Sunday, April 29, 2007
I've Been Next'd!
Strip mining involves using powerful machines to extract valuable minerals from beneath the Earth's surface, often doing great damage to the surrounding environment. If this process were also to destroy the valuable minerals being extracted it would be a perfect metaphor for what Hollywood has done with the latest Dick adaptation.
'Next' takes a basic idea from Dick's short story "The Golden Man" - the ability to see a short time into the future - and crudely wrings it for everything it's worth, which frankly isn't all that much. The writers and producers clearly attempted to transplant the protagonist of the short story (a golden mutant who proves irresistible to women and therefore spells the end for normal mankind's genetic future) into Dick's every-man hero, in this case the so-wooden-he's-practically-a-whittling-project Nicolas Cage. This crude reshuffling of Dick's recurring themes yields predictably disastrous results.
The film is so vastly different (and inferior) to the short story I wonder a bit why they even felt the need to option the story. That brings me to my concern: what if Dick's name is becoming a selling point for otherwise completely vapid, moronic movies? Hollywood knows all the Dick-heads are likely to see the next PKD adaptation in theaters. Dick's name guarantees a certain cool-factor at least until word gets out that the latest bastardization of his work sucks - yet again.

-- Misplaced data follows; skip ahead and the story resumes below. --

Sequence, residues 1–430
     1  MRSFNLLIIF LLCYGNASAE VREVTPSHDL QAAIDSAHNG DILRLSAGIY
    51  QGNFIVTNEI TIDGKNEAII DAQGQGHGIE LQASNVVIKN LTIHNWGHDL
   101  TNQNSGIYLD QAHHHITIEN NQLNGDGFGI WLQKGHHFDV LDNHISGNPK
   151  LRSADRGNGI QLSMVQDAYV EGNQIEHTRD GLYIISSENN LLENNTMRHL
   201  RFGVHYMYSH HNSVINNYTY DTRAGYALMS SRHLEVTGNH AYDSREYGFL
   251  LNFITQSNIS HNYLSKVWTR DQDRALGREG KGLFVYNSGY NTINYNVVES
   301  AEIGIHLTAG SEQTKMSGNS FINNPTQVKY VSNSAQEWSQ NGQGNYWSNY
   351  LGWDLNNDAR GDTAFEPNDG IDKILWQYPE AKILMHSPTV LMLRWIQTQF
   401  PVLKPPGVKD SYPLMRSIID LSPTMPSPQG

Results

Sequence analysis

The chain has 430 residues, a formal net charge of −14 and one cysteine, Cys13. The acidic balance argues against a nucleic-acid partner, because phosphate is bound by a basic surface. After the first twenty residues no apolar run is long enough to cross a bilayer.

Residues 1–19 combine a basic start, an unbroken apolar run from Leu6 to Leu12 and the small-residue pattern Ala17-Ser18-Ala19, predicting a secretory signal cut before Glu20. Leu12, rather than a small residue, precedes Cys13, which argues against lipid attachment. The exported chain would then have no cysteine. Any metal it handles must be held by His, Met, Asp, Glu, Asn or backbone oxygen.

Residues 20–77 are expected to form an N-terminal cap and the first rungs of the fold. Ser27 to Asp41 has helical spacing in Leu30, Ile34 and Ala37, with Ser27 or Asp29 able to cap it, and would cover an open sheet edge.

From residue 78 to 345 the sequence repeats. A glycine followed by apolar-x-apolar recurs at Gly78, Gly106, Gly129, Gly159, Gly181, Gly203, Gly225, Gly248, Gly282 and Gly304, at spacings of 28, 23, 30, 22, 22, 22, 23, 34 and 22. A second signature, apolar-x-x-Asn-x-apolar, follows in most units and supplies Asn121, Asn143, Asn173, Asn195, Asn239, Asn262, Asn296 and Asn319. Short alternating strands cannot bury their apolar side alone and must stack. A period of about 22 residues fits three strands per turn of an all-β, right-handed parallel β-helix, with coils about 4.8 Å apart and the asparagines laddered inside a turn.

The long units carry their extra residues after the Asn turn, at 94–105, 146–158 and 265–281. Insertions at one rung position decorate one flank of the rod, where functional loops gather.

The Dick estate may end up shooting itself in its collective foot if they keep allowing ham-fisted treatments of Dick's work to flop at theaters. Dick adaptations are already shaky propositions. 25 years later Blade Runner is just beginning to turn a profit. There have now been many more misses than hits. The odds are not running in our favor.
Perhaps there will be two kinds of Dick adaptations in the future. The "serious" novels will get the "Scanner Darkly" treatment with script consultants and proper respect for the source material and then there'll be tripe like 'Next,' vapid car-chase scenes, dodgy chairs, and canned dialog. But you cannot torment audiences with 'Next' and 'Paycheck' clones forever.
When the big suprise ending came onscreen last night in the theater I distinctly heard a young girl in the back exclaim, "Oh no they di-nnn-t!"
Oh yes they did.